In a bitter reversal, inflation soared back again in May after prices for core goods like food and especially energy shot up. This development is certain to contribute to fears that the United States economy is inching closer to a recession and reinforce the Federal Reserve’s hawkish stance on raising interest rates.
On Friday, the Labor Department released its latest figures for the Consumer Price Index (CPI) and it showed inflation roared ahead by 8.6% in May. According to the agency, this is the highest leap in inflation since December 1981 and it is a turnaround from April when inflation dipped to 8.3% from 8.5% a month earlier.
Like in previous months, runaway energy prices have been the single biggest contributor to high inflation in the U.S. economy. The Labor Department’s energy index showed a 34.6% year-on-year increase in May, the largest hike on record since September 2005.
Gas prices, in particular, drove this increase with the monthly gas index rising 4.1% in May and going up by 48.7% in the last year. Meanwhile, the price of fuel oil rose by a staggering 106.7%, the highest increase since the Labor Department began tracking this data in 1935.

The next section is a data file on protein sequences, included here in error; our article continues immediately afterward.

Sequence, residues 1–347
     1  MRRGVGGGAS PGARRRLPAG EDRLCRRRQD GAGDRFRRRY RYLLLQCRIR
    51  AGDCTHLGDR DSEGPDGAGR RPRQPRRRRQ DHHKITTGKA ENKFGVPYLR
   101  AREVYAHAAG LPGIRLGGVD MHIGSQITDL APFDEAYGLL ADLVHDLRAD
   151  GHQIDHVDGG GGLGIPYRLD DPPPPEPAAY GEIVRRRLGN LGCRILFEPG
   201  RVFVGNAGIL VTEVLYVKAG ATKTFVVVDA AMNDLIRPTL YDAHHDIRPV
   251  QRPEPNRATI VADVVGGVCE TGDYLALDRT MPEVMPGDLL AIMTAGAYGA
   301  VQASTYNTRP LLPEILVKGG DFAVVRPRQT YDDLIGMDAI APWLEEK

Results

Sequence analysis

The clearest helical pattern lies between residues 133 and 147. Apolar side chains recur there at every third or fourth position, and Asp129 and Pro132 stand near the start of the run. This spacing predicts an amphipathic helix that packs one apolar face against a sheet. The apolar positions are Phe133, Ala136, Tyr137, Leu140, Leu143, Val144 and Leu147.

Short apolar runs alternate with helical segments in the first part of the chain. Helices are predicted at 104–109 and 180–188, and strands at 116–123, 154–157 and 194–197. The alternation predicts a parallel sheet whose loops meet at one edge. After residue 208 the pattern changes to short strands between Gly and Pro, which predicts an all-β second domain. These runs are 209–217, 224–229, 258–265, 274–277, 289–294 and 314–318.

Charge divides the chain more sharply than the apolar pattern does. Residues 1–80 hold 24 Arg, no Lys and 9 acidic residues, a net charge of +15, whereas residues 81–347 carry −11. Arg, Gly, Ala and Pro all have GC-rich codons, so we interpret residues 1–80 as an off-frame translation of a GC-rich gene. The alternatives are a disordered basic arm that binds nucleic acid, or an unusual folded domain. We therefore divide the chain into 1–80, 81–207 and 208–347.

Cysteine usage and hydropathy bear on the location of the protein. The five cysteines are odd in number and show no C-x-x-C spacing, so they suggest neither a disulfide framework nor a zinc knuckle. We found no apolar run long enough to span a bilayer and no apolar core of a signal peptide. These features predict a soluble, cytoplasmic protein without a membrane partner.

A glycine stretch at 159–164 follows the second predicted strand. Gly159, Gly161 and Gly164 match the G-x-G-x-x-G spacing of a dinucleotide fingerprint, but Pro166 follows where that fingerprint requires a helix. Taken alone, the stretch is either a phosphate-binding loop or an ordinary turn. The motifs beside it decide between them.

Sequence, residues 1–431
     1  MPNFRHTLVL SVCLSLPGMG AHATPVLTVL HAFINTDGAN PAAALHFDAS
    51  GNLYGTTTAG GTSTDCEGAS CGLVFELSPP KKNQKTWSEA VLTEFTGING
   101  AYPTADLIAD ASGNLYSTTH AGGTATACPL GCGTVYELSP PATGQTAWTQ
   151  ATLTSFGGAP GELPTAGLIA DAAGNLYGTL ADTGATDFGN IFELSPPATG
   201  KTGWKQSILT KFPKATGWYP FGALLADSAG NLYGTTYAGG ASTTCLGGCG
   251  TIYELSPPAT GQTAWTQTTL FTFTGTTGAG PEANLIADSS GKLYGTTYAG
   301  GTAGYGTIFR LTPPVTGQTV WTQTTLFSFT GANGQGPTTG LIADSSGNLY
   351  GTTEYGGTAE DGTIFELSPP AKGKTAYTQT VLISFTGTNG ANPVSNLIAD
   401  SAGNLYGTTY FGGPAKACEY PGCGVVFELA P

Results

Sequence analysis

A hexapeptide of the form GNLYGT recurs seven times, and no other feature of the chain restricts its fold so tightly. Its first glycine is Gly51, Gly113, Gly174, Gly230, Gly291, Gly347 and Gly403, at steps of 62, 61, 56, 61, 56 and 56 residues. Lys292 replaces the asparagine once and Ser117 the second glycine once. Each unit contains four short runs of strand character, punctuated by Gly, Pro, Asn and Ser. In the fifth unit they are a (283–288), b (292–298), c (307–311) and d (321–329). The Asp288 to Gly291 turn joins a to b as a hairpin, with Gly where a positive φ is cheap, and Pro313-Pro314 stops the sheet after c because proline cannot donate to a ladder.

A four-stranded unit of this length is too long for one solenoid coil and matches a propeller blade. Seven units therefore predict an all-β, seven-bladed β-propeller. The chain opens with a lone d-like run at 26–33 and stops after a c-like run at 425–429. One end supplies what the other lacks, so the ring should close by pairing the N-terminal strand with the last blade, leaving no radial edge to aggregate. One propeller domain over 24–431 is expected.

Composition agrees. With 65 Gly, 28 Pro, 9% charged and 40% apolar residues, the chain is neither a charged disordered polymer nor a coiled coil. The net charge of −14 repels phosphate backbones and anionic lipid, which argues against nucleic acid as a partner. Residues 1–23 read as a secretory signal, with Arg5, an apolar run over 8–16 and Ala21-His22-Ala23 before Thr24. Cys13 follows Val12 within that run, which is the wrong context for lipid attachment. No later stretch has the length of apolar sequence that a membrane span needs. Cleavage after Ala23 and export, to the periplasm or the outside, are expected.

Food prices also rose sharply in May. The agency’s food index showed that prices increased by 10.1% on a year-by-year basis in May, the first increase over 10% since March 1981.
This inflation reading comes as discussions mount on whether the economy is on the brink of a recession. Prominent business leaders and executives have expressed concern that it is a matter of when this will occur than if it will. Firms for their part were battered by investors pulling back on stocks due to recession fears, sending the stock market into a prolonged period of volatility in May.
For the Federal Reserve, this reversal may signal that their past rate hikes in March and May have not been enough to curb inflation’s ascent. This may translate to more urgency for further rate hikes, something Fed Chairman Jerome Powell maintains the central bank is ready to do to restore price stability.